In the context of multi-node networks, we would like to define capacity in a similar manner as in Section 2.2.1 for a DMC and AWGN channel. Suppose there are M sources and source m puts out message Wm with bits, m = 1,2,…, M. The messages are assumed to be independent. For convenience, we introduce a common network clock that governs the transmissions of channel inputs Xu,i and outputs Yu,i. Basically, the clock ticks n times and node u can transmit Xu,i after clock tick i — 1 and before clock tick i. Node u receives Yu,i at clock tick i. Hence, Xu,i can be any function of its own messages and its past channel outputs Yui-1 = Yu,1,Yu,2,…,Yu,i-1 [34, p. 444], [27, 102, 167, 180].
The main advantage of introducing a network clock is that it helps to clarify exposition, notation, and concepts such as encoding, decoding, causality, cooperation, relaying, and so forth. An obvious criticism is that a network clock seems artificial and restrictive because all nodes must operate synchronously. However, we remark that node asynchro-nism can often be dealt with by introducing appropriate device constraints on channel knowledge.
A network clock makes it easy to define the capacity of a network. Suppose the network clock ticks n times so that the rate of source message Wm is Rm = Bm/n bits per clock tick. Let Dm be the set of nodes that decode Wm. The capacity region is the closure of the set of rate-tuples (R1 ,R2,…,RM) for which, for sufficiently large n, there exist encoders and decoders so that the error probability can be made as close to 0 as desired (but not necessarily exactly 0).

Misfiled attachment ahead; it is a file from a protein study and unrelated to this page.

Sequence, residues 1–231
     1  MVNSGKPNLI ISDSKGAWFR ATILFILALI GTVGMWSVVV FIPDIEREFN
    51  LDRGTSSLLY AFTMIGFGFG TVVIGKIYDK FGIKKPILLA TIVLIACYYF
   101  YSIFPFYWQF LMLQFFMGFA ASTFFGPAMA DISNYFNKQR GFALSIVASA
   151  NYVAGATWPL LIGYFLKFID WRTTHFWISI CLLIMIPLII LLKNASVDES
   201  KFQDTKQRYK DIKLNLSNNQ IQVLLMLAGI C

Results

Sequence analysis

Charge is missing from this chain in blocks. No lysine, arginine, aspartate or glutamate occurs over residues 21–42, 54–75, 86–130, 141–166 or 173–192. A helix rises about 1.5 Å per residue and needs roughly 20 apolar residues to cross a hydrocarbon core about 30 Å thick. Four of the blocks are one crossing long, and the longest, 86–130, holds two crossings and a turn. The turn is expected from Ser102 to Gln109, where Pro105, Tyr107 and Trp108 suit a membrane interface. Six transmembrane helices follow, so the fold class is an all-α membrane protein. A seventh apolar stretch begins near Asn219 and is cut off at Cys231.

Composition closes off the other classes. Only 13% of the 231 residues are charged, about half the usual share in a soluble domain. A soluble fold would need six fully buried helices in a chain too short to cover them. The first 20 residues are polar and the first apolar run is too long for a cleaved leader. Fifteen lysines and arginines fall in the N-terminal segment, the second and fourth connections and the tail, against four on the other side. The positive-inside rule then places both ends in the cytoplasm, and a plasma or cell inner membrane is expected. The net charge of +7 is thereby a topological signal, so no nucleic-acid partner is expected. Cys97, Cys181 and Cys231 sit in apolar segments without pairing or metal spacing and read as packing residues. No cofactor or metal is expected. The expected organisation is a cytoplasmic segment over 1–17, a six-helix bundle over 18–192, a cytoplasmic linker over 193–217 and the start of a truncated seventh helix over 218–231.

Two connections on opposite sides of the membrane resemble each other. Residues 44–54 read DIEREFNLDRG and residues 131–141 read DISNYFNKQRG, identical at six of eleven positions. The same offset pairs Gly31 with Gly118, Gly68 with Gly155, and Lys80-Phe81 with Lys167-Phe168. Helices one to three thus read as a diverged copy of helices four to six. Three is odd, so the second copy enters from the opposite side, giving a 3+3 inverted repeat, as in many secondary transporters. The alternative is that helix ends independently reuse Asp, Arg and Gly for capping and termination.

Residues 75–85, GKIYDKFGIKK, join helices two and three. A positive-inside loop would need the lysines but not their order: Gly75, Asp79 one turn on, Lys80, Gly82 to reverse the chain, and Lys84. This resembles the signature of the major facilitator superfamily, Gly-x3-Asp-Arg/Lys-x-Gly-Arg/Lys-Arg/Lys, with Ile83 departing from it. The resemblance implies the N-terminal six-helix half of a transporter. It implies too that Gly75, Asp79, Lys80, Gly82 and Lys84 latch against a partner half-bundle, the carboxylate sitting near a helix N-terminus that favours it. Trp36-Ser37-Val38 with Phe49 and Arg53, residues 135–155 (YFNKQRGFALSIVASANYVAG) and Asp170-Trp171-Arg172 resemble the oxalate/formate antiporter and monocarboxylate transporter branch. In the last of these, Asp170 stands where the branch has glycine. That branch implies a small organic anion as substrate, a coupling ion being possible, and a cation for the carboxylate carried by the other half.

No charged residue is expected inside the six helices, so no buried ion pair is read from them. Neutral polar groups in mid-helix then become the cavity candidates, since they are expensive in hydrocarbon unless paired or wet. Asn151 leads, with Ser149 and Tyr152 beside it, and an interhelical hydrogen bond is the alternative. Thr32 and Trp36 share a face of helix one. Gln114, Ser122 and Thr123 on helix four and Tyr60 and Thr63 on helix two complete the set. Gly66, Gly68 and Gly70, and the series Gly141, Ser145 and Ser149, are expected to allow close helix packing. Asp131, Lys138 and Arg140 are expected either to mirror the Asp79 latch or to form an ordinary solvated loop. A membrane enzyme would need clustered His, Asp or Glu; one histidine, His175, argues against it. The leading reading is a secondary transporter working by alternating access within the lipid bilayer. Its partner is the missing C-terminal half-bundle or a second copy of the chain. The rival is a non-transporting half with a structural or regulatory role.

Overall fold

An interesting fact is that the capacity region is not yet known for any of the memoryless networks in Figures 3.7-3.9 except for the DMC and the MAC. This perhaps surprising situation suggests that finding the information-theoretic capacity regions for networks is a difficult problem indeed. Fortunately, for certain networks with AWGN one can say more. For example, the capacity regions of the 2WC and BC with AWGN are known.1 The capacity regions of the RC, MAC-GF, MAC-DR, and BC-DR have recently been resolved for some cases.
As an example, consider the AWGN MAC with (see Figure 3.7)
where Xu, hu, and Z are real, Z has variance N, and where the expectation is over the codewords. Consider the case Ro = 0. The capacity
The capacity region of the AWGN BC with vector symbols is not yet resolved if Ro > 0, Rl > 0, and R2 > 0.
Region is the set of non-negative rate pairs (R1,R2) in the pentagon defined by the bounds (see [34, p. 405])
and where the rate units are bits/clock tick. This region is shown in Figure 3.10.
We remark that a simple communication strategy for the MAC with block power constraints (3.18b) is to use time-division multiplexing (TDM) or frequency-division multiplexing (FDM). For example, suppose nodes 1 and 2 use the fractions a and 1 — a of the available bandwidth, respectively. The noise powers for nodes 1 and 2 thus reduce to aN and (1 — a)N, respectively (see Section 2.2.3), and the rates are
Fig. 3.10 AWGN MAC channel capacity region.
Similarly, if nodes 1 and 2 use the fractions a and 1 — a of the available time, then they can boost their powers while transmitting by the factorsand, respectively. The resulting rate pairs (3.21a) and (3.21b) are plotted in Figure 3.10. In particular, by choosingone achieves a boundary point with
TDM and FDM are thus effective techniques for the MAC with AWGN. 3.7.1 Cut-Set Bound on Capacity